The addition of SO2 to the plasma is essential to control the rate of etch and to preserve the high-fidelity of the pattern transferred into the underlayer. However, this chemistry generates sulfite and sulfate species on the feature sidewalls. These species are hygroscopic in nature and tend to pick up moisture from the atmosphere forming agglomerates. Agglomerates on neighboring lines coalesce causing line-collapse. These pictures were taken a week after the etch was performed. A large faction of the lines are observed to have collapsed. A smaller number of lines collapsed when the pictures were taken the same day the etch was performed. The collapse is attributed to the picking up of moisture by the sulfite/sulfate deposits on the etched feature sidewalls and the resultant coalescing of these acidic agglomerates. The absorption of moisture from the ambient is likely to be an uncontrolled process influenced by such variables as the nature and concentration of the sulfur species present, the ambient humidity, and the duration of exposure.
Turning now to FIG. 3. The etch parameters influence the percentage of line collapse observed within one day of etch. In the presence of SO2-containing plasmas, line collapse was observed at low bias power, but was not observed at high bias power. Line collapse was not observed in O2 only plasmas. Increasing the bias power suffices to reduce line collapse, however, that reduction reflects decreased deposition of passivating sulfur species on the feature sidewalls. Oxygen flash decreased the extent of line collapse observed following low bias SO2—O2 etches, but was not robust enough to completely eliminate collapse. Tables I and II describes the etch parameters used to generate FIG. 3.
% Line Collapse
% Line Collapse
Turning now to FIG. 4. The advantages conferred by the inventive method are confirmed by SEM pictures taken 7 days post treatment. the inventive method provides a means to stabilize high aspect ratio, post-etch lithographic images against collapse, the method comprising the steps of: (a) coating a substrate with an organic underlayer; (b) coating said underlayer with a photoresist wherein said photoresist comprises a stable, etch-resistant, non-volatile oxide-forming material selected from the group consisting of silicon, phosphorous, germanium, aluminum, and boron; (c) imagewise exposing said photoresist to radiation; (d) developing an image in said photoresist; (e) transferring said image through said underlayer into said substrate thus forming a high aspect ratio resist image; and the improvement comprises (f) treating said high aspect ratio resist image with a chemically-reducing plasma. A preferred chemically-reducing plasma comprises a species, such as ethylene, capable of generating hydrogen when excited into the plasma state. A more preferred chemically-reducing plasma comprises hydrogen. No pattern collapse is observed up to a week post treatment indicating that the H2 plasma successfully removed and/or chemically reduced most if not all of the hygroscopic sulfite/sulfate species.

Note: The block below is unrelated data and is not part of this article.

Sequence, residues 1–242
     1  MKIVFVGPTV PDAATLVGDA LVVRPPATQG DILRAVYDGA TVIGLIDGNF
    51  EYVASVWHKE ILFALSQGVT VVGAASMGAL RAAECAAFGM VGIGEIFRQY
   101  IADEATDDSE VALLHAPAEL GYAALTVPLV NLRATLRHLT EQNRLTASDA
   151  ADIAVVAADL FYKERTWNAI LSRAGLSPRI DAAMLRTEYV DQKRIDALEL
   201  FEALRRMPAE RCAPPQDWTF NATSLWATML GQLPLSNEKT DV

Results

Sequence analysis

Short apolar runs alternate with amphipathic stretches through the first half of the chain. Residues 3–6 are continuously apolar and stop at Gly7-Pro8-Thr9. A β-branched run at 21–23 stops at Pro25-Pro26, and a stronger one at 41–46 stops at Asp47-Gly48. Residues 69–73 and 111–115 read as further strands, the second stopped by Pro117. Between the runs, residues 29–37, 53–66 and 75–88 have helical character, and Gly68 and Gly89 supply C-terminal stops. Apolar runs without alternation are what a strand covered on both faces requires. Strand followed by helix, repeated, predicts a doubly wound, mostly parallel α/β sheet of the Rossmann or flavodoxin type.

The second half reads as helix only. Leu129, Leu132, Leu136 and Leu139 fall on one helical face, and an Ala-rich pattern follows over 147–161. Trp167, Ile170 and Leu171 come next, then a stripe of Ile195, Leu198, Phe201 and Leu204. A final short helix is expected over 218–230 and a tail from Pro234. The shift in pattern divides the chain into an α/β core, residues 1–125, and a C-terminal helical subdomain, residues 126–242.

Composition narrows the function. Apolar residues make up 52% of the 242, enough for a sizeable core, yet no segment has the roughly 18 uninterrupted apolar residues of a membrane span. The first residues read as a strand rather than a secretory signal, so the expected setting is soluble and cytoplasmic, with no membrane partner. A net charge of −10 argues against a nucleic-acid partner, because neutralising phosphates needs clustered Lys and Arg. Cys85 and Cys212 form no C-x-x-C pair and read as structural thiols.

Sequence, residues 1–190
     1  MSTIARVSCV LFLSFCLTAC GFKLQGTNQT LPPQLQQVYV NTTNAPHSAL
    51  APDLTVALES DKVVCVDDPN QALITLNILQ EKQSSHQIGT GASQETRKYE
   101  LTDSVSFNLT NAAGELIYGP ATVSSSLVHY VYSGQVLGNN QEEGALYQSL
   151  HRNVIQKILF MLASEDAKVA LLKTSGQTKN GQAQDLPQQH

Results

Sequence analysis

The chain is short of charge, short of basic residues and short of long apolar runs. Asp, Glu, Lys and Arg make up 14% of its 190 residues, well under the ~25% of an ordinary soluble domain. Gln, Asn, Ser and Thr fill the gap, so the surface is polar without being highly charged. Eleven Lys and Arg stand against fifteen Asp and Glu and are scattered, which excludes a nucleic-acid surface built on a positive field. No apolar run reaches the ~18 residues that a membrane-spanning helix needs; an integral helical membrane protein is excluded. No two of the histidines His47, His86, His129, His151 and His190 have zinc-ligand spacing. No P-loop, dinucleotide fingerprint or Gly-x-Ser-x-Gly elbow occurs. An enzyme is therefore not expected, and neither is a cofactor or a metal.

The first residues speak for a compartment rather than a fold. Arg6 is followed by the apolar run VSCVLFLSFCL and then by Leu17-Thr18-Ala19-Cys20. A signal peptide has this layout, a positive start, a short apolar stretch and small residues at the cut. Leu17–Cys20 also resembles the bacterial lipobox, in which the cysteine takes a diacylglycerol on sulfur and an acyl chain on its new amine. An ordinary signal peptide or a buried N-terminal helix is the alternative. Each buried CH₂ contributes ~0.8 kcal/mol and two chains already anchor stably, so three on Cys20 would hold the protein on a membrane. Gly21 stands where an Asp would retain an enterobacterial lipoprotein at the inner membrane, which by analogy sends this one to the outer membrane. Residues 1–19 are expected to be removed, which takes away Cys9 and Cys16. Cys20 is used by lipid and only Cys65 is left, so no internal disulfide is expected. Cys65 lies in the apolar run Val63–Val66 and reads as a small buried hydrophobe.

In a preferred embodiment, the underlayer comprises an organic material essentially comprising carbon, hydrogen, and oxygen. In a more preferred embodiment, the underlayer comprises an organic material selected from the group consisting of tuned polymers, novolacs, and low-k dielectrics. Low-k dielectrics refer to semiconductor dielectric resins for example, SiLKŪ (Dow Chemical Company).